Finding the Joy and Planning the Change as the Year Swings Over
Thanks to my friend Bon, I discovered Top Ten lists in 2004. I was certainly familiar with the concept before, but had never applied it to things I was thankful for. She shared her 2004 list with her friends, and challenged us to do the same. In accepting the challenge, I learned a few things about myself and wanted to start off the new year by sharing my discoveries with you.
I'll start by sharing my Top Ten Things I'm Thankful For in 2004 list with you.
1. Enjoyed a healthy son and family
2. Had a chance to visit my grandmother and my sister
3. Spent two weeks in Ecuador visiting family, and healed strained relationships there
4. Met Serge and began a strong international coaching group, building a network and gaining new friends in the process
5. Stopped tolerating how I view and handle finances, and changed my whole attitude about how important money is(n't) to my life
6. Successfully coached clients into happier situations and out of their tolerations
7. Became aware of how proud I was and how it was affecting my life
8. Learned to receive gifts
9. Met new friends in NYC (a recent move for me)
10. Convinced my parents to visit NYC for the first time in 20 years
Once I completed the list, I decided to roll right on in the spirit of goal setting for 2005, and wrote down the Top Ten Things I Hope to Accomplish in the next 12 months. It seemed an easy task, and one that helped me focus on the future. Here they are in the glow of January 1, 2005 optimism and promise.
1. Find local spiritual fellowship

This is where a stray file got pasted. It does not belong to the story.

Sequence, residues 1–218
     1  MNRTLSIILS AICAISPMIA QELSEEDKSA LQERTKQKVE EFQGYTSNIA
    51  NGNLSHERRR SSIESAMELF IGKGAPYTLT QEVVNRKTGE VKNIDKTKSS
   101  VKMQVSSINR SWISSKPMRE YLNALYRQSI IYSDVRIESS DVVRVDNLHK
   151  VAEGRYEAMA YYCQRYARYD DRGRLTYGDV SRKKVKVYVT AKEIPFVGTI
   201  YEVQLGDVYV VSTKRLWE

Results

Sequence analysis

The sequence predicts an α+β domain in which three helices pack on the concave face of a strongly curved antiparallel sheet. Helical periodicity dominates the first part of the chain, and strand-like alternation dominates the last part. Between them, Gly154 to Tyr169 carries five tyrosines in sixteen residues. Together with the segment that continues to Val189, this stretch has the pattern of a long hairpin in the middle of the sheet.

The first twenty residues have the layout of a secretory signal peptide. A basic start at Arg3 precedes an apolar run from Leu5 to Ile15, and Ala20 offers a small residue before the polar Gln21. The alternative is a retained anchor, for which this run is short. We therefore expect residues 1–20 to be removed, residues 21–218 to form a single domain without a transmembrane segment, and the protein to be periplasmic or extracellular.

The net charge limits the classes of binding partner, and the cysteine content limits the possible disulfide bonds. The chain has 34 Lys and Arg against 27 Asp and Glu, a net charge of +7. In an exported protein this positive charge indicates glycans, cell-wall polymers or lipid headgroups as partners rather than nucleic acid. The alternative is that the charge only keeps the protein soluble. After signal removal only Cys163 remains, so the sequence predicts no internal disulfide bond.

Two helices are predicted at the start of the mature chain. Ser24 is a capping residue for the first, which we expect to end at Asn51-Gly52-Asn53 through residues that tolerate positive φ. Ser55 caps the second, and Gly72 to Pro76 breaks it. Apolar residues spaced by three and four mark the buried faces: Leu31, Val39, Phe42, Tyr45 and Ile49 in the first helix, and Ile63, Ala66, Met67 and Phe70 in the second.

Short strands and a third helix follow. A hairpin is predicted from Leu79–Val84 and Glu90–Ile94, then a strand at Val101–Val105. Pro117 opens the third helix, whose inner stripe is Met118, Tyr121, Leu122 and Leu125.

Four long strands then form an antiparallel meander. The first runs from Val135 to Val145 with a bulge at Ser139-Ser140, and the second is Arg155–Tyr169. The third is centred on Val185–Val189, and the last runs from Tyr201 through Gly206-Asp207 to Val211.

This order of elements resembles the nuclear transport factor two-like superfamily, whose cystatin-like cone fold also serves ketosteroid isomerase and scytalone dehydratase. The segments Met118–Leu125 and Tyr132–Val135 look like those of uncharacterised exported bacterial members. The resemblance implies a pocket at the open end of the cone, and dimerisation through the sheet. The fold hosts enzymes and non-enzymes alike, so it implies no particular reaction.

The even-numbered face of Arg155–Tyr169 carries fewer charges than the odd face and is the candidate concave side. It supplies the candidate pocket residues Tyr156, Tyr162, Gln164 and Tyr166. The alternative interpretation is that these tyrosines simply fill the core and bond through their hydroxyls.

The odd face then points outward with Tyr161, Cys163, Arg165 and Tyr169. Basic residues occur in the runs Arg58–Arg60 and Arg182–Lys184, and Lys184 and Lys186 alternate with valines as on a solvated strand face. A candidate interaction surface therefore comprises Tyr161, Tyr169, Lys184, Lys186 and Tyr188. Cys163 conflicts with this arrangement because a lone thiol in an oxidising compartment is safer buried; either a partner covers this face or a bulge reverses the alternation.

2. Graduate from ICA
3. Fill my coaching practice
4. Get out of debt
5. Learn to relax and not overcompensate in my marriage
6. Meet Anna Rose Michelin, and get to see her mother again
7. Visit Bon in Arizona
8. Spend more time with my grandmother
9. Get pregnant
10. Get more sleep!
What happened when I reviewed my lists side-by-side was startling to me. I noticed that of my Ten Thankfuls, only half of them could have been defined as goals at the beginning of 2004. A simple rule for goals is that they must be tangible, measureable, and attainable in order to tackle them consciously and effectively. Half of my list were things I never strove for or defined as a goal, but the results were wonderful, useful, and most definitely timely. Of my 2005 Goals, #10 (get more sleep) will never happen unless I set specific boundaries and stick to them. All of my goals need to be broken down into smaller steps and have measures defined. I have no doubts that they're all attainable! However, know this: the parts of my life that are the most challenging and non-goal oriented have brought some of the greatest personal rewards.
My challenge to you on this first day of 2005 is this ... in the next 24 hours, write down your Top Ten Things I'm Thankful for in 2004 list and see how it looks. Know your blessings and enjoy them. Then spend a few minutes jotting down measurable, specific, and attainable goals for 2005. Pick one and start breaking it down into manageable steps. Let me know if I can help you tackle any of them, and enjoy a blessed and balanced year!